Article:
Corporations Paid $1 Trillion To Bribe; Does Firestone Bribe?

By: J. Yanqui Zaza

The Perspective
Atlanta, Georgia
June 23, 2009


Regardless, whether or not the Liberian Firestone Rubber Plantation is another cartel as Liberian Vice President Joseph N. Boakai has indicated, (Speech at Lofa Convention, 5/24/09), the 83 year-old rubber plantation has enormous influence. Not only did it oust certain government negotiators, but it is now resisting its share of the cosmetic changes President Ellen Johnson Sirleaf government has offered to some companies that signed agreements prior to 2006. Firestone, as it did in 1926, signaled its influence when it signed the 2003 agreement at the U.S. Embassy in Monrovia at the same time Liberia contracted the U.S company (DynCorp), for US $200 million, to train and re-arrange the Liberian Military Forces (i.e., the de facto power).

Exchanging kickbacks for favors started in 1926 even before Firestone began to plant rubber tree. Firestone got a favorable deal when it loaned $ 5 million to Liberia just before negotiating an agreement. President Charles D. B. King, having been assured to borrow $5 million dollar to ameliorate the effects of World War I that Liberia fought on behalf of America, was denied by the U.S. Senate. Apparently, the U.S. Senate, aware of Firestone’s interest for cheap labor and 1 million acres to be leased for 99 years, lured Liberia into the investor’s loan scheme.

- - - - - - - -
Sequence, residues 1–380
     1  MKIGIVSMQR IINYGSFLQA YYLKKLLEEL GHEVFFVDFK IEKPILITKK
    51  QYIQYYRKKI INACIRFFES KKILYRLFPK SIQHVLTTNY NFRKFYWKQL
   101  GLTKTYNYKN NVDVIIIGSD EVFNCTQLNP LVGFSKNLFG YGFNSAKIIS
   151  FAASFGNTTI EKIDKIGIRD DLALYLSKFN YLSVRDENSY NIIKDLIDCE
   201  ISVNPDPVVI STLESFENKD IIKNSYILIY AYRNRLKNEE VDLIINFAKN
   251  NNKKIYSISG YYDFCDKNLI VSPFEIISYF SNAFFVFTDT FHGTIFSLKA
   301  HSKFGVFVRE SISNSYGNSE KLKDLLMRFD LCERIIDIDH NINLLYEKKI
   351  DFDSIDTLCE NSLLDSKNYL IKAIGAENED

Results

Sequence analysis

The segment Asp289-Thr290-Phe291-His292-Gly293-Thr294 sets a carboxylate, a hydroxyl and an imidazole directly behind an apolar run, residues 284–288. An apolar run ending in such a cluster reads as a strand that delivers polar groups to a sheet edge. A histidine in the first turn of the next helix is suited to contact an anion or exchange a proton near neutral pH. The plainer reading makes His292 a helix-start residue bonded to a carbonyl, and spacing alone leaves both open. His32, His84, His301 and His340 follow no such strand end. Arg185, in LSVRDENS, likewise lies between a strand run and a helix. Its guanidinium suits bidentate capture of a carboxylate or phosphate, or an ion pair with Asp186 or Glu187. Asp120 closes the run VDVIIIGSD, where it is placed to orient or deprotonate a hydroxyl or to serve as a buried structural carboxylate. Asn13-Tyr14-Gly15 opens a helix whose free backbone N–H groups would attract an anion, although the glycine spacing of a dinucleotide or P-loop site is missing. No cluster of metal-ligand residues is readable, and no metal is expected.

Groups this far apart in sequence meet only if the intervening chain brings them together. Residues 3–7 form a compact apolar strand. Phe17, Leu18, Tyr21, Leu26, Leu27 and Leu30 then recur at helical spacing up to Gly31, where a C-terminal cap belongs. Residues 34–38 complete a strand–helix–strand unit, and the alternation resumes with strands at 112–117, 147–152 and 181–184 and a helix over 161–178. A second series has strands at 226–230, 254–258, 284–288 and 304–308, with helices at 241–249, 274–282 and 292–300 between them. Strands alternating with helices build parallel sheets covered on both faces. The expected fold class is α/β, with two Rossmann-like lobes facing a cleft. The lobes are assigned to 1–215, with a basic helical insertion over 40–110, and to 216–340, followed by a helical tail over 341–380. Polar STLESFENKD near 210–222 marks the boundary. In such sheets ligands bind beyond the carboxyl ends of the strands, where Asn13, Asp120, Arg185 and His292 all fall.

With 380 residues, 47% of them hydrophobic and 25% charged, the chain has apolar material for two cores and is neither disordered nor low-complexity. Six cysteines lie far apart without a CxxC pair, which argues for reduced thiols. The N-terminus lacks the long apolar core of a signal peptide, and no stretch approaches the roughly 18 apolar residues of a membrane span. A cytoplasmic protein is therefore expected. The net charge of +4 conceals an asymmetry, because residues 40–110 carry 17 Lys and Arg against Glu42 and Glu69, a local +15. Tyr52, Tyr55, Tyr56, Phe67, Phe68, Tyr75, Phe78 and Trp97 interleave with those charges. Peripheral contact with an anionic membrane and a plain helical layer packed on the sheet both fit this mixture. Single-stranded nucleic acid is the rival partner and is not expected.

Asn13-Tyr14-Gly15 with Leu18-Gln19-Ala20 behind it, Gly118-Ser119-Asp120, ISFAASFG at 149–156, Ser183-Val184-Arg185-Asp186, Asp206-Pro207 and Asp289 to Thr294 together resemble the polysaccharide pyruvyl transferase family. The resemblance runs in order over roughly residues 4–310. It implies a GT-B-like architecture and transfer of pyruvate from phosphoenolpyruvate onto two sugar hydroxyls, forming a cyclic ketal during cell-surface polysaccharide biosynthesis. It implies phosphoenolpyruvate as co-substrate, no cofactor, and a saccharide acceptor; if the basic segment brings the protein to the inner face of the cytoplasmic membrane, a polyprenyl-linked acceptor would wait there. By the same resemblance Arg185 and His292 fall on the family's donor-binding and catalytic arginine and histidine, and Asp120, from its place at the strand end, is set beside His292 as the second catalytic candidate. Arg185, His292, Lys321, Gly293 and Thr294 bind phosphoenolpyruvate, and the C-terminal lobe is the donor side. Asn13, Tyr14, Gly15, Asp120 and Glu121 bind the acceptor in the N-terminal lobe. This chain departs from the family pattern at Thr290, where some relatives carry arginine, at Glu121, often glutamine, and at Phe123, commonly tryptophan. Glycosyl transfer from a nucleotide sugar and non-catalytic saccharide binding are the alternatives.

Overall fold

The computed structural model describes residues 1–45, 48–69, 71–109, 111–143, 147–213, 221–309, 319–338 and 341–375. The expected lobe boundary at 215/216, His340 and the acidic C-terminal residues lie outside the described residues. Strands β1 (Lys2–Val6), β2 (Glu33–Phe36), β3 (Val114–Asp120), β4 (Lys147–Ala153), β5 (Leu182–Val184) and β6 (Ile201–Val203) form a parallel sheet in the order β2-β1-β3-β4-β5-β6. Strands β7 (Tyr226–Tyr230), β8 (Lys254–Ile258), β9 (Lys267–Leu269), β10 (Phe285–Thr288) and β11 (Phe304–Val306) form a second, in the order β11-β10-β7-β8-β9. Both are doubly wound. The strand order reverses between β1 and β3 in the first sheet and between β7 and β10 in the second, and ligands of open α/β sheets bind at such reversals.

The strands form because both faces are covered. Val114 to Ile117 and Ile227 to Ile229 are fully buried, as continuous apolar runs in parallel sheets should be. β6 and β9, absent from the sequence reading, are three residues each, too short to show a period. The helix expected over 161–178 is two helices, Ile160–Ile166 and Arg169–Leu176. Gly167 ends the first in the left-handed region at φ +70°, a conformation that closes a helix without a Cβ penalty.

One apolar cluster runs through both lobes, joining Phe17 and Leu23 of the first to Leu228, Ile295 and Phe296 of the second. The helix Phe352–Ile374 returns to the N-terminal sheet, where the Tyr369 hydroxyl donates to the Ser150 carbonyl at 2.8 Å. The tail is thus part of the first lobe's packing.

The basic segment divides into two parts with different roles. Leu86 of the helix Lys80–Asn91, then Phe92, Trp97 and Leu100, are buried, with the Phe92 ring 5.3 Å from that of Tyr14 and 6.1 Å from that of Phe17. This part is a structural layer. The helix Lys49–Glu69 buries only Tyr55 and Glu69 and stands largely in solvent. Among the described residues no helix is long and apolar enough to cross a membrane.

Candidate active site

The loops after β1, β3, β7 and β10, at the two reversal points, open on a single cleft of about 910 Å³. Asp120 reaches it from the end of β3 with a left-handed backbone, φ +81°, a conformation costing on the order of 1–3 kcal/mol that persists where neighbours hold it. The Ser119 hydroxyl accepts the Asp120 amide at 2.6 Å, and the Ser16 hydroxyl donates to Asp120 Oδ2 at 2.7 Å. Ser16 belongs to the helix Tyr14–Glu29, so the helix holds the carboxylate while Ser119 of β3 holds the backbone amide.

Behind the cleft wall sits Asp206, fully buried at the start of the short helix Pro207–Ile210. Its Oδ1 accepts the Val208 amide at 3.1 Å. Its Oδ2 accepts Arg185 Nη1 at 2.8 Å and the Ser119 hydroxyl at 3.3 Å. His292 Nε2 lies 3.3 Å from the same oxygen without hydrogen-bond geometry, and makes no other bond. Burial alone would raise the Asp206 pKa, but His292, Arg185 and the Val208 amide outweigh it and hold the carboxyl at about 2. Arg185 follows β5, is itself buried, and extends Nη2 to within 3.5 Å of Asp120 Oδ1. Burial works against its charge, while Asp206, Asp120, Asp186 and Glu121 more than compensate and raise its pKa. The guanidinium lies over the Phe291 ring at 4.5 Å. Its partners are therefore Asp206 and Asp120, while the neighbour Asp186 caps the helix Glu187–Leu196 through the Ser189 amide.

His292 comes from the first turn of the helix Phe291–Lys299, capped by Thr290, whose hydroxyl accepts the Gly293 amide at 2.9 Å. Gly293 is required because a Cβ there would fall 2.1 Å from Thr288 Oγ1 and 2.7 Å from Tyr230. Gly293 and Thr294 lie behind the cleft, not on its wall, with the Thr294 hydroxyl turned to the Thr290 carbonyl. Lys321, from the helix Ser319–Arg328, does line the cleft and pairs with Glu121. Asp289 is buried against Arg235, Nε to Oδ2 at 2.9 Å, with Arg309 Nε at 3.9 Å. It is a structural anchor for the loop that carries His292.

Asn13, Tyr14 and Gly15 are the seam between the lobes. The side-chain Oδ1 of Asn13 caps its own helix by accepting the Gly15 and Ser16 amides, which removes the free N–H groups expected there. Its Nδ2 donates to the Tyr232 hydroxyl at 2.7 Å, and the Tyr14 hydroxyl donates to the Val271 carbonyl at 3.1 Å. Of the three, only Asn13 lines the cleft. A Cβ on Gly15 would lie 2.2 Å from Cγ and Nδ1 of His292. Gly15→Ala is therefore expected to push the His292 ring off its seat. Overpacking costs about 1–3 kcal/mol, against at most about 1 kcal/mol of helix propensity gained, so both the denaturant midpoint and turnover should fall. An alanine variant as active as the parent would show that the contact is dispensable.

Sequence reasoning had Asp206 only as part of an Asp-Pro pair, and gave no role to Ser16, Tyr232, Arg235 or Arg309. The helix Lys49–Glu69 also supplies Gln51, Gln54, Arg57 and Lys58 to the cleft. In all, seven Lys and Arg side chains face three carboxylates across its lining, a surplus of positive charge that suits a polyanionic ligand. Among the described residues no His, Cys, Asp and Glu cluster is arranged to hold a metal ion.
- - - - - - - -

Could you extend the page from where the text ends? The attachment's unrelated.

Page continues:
Such leverage and subsequent lobbying efforts do embolden Firestone not only to pay minimal taxes or operate vocational schools that LAMCO and Bong Mines operated, but continues to pollute the environment such as the Kparnyah Town’s pollution episode. (Frontpage, Africa). Ironically, on Tuesday, June 9, 2009, Liberian organizations of civil society submitted anti-corruption petition to agents of corporations such as the World Bank (W/B). Of course, W/B is not a disinterested party because it generates income for corporations such as Firestone by lending their money to poor countries. (Economic Forum)